Oh Rust, how much I love you… Love at
first third sight, like I had with my English teacher. She was ugly but I was 10 and she was a female that stood near me for an hour and talked to me in a soothing voice. That’s what Rust is, ugly but it’s there for you with a soothing voice.
On the other side we have C++ that the Arduino Framework is written on. Classes here and there, mixed with C, requiring a 3 day workshop to understand what’s the “standard” way of blinking a LED - hence the headache of each Arduino library taking the matters on their own hands. I hate reading C++ by the way and don’t know how to write it. That’s why I want to just forget about it and just call it from Rust.
I’m gonna use PlatformIO which is the swiss-army-knife for the Arduino Framework - manages libraries, board definitions, toolchains, flashing… Everything that you’d possibly need to write and deploy code to an MCU. Apart from Rust. pio knows nothing about Rust and was never intended to do so.
Now lets make those two KISS, run Rust on MCUs while using the Arduino Framework!
TL;DR: My attempt lives in this repo. I failed.
HOw hArD CAn tHAT bE?
What I want to achieve is to be able to call
from Rust code that will run on my NRF52. I choose the NRF52 cause I want to
build a Bluetooth keyboard with it and Rust has official Tier 2
support for it, unlike XTensa (ESP32/8266) and AVR (ATMega/ATTiny).
First of all, let’s lay down some ground rules on HOW I am willing to achieve that:
- I’m not re-writing Arduino code - I’m not gonna implement the whole standard library, I have a life to live as well
- I’m not re-writing Rust
std - see above
- Automatic binding creation with bindgen - I won’t write a different crate for each and every target
- At least some basic support for some 3rd party Arduino libraries - such as the BlueFruit that gives me all the core Bluetooth functionality for the NRF52 and is very well maintained
- Minimum boilerplate so that all this work does not remain a “Blink.rs”
- Support for targets other than NRF52 with not too much effort
- Usage of PlatformIO - the only “good enough” build system for the Arduino framework
Ugh… That’s not gonna take a weekend, I was sure even when I started this, but I had no idea how the lack of compiler/linker knowledge would hit me. I should have known that a project exclusively around compiler & linkers will hit hard.
The plan to achieve the above was hella abstract:
- Generate Rust headers with bindgen
- Write a blinky in Rust
- Compile the rest of the Arduino framework
- Compile Rust to an object file
- Link the above two together
- Get the firmware
Bindgen kinda compiles the header that you pass to it with LVM and generates Rust headers. It’s a marvelous project, but it might miss something. Unless of course it’s C++ code. Then it trips like an LSD overdose.
After some time around though, I got it, I just passed almost all of the compiler flags that platformio was passing to gcc directly to bindgen. It kiiiiinda worked, in a weird way. WIN!
Writing a Rust blinky was easy (the code is here). WIN!
Platformio compiles the whole framework when you give it empty source code (main.c). WIN!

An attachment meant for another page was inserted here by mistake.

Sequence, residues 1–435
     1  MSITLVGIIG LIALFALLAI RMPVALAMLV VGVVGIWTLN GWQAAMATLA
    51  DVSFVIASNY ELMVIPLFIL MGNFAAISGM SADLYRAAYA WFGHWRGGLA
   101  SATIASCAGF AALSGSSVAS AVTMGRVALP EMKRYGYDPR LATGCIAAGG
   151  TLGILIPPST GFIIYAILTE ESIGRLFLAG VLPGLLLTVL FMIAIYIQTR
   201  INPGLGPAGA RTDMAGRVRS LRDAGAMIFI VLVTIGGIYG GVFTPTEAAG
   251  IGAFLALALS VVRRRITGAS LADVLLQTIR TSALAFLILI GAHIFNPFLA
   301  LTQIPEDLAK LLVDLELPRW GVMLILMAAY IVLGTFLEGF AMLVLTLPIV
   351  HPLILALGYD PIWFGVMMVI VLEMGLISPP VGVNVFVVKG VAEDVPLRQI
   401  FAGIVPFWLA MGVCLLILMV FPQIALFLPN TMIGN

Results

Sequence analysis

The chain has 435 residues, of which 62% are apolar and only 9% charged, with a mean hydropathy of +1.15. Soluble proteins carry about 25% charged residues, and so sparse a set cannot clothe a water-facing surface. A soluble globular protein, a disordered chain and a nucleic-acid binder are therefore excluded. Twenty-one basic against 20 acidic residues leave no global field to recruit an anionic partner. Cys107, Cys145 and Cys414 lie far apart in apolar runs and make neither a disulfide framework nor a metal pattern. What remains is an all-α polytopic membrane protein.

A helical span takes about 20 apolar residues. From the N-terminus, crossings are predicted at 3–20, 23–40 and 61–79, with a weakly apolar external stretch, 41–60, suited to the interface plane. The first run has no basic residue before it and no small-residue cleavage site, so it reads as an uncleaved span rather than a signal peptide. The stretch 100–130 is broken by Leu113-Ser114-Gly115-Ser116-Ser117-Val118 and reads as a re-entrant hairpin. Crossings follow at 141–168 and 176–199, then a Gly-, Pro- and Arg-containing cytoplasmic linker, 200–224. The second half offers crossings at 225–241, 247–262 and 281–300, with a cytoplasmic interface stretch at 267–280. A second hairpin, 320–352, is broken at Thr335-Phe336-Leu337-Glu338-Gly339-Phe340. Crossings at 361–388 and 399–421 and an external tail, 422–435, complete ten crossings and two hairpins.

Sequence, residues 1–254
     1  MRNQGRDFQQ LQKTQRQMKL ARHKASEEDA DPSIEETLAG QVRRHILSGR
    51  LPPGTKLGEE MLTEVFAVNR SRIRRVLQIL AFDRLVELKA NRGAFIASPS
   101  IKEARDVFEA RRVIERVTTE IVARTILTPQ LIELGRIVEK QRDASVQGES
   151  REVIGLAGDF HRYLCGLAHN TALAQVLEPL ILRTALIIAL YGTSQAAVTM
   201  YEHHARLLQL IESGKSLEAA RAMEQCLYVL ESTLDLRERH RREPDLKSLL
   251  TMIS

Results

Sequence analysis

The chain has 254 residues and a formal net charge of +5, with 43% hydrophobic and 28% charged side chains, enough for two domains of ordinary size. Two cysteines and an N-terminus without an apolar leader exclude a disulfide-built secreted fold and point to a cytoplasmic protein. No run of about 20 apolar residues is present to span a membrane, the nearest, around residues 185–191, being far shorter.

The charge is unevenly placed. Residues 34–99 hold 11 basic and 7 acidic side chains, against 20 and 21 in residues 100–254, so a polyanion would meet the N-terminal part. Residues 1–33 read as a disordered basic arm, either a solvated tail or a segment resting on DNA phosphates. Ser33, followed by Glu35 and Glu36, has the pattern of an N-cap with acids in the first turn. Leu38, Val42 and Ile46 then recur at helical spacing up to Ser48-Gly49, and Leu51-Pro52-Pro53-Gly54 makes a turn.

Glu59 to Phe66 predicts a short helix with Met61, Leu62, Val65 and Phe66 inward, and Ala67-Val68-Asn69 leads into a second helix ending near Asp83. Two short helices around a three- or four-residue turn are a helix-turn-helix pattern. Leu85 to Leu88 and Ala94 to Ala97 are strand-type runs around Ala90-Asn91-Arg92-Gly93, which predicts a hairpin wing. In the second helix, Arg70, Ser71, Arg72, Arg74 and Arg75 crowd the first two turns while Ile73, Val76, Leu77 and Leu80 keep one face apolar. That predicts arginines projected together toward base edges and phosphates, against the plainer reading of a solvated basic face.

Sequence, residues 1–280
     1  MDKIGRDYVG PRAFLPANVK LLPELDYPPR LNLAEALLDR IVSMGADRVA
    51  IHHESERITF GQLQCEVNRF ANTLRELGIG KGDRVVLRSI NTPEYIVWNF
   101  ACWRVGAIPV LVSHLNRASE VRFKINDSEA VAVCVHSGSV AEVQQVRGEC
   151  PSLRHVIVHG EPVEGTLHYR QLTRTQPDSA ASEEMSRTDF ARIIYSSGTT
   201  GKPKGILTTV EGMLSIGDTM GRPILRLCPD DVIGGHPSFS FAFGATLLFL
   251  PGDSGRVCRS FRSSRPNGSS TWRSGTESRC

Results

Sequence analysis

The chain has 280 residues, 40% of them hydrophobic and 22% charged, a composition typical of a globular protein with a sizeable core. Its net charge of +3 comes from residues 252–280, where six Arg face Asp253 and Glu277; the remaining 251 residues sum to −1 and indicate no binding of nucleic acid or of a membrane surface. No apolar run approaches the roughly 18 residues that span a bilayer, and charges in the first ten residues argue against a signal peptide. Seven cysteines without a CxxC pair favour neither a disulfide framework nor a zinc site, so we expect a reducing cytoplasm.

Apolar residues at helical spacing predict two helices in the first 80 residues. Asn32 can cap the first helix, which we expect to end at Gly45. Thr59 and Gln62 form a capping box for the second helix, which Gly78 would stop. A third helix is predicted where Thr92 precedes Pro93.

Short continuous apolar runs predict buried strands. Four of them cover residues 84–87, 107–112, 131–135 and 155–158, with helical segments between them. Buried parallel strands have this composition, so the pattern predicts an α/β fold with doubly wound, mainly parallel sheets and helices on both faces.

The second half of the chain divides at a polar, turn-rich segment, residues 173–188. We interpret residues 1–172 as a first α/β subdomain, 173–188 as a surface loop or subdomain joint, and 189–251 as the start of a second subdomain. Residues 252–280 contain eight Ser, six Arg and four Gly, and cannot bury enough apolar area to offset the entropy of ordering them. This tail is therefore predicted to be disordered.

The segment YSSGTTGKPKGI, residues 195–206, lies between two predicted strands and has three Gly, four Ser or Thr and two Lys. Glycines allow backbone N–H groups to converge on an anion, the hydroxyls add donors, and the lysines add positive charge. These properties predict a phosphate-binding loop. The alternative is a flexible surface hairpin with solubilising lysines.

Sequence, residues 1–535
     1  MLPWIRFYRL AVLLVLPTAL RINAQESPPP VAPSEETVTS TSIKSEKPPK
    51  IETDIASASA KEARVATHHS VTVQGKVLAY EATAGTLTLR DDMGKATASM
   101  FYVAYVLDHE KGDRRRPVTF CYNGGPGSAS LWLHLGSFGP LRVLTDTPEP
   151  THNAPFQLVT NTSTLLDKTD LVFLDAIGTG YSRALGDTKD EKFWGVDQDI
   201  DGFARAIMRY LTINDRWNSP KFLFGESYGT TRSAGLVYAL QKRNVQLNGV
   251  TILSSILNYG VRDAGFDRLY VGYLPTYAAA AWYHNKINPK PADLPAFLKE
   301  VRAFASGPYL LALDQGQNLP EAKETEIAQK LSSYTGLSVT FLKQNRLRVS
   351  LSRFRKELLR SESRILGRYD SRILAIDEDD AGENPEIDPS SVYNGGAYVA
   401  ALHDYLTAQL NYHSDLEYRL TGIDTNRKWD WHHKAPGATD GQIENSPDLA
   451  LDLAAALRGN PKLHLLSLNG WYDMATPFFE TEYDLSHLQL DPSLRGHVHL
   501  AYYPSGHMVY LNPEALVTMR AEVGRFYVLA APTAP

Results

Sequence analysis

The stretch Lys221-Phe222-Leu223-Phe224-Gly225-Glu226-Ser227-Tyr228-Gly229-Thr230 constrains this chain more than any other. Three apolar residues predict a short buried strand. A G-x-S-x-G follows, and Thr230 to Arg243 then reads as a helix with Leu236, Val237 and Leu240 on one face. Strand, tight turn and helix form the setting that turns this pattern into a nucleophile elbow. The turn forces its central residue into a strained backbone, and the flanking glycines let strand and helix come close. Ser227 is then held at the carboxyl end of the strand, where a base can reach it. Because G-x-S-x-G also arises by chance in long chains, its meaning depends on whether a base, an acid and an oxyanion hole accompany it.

I copy-pasted the link command that platformio was using and I added Rust’s compiled object file (which can be done using this option). And it worked! WIN!
I got the firmware! I WIN! Profit!
I flashed the firmware and actually, the LED blinked. I was excited as fuck. Somewhere at this point I started writing this post and I’d mark it as build: passing, but then…
Doing all these at once
There’s a reason that I don’t have exact commands of the above steps so everyone can happily write Rust on their little fella. First of all, it’s been almost 2 months that I haven’t touched the project or this draft so I have no idea what I actually did. Second, this did not turn out as a win. While I can blink a LED, there’s almost nothing else I can do.
I started fumbling with platformio to incorporate bindgen execution, Rust compilation and final code linking with just a
platformio run. Then I met SCons. SCons is the build system that platformio uses to put all these bits and pieces together: toolchains, frameworks, compilers, linkers, linker scripts, source code, header files, etc. I tried to manually change variables, redefine functions, and all the good monkey patching that Python can do but it was a dead end. My brain stack pointer was always overflowing, I just couldn’t follow what was done where and why. Nevertheless, I kinda did it. Didn’t have a good time though.
I could build blinky with one command, good.
Doing something usefull
Print “Hello World”. Nope. Never. Not a chance. I needed somehow to export the
Serial object from C++ to Rust and call
Serial.println. After hours and hours of reading the headers and the source of the Arduino Framework and trying different options to bindgen, I could not do that. Required huge amount of effort.
Any useful API in Arduino is a C++ class so if I wanted to overcome this, I had to write everything from the ground. That’s when I tossed the project.
I don’t get why C/C++ build systems are so complex. I definitely lack deep knowledge, especially in C++, but come on… This is just too much. Even the Makefiles of a project bigger than 1k SLOC don’t make any sense and you need a manual to understand where anything takes place and why it’s done. It’s a shame.
About the C++ vs bindgen fight, there’s not much to tell, I don’t think that there will be a time where bindgen will be able to handle the code that I read. It’s too complex, it’s too human.
Also there are other solutions to write Rust on an MCU instead of this bad idea: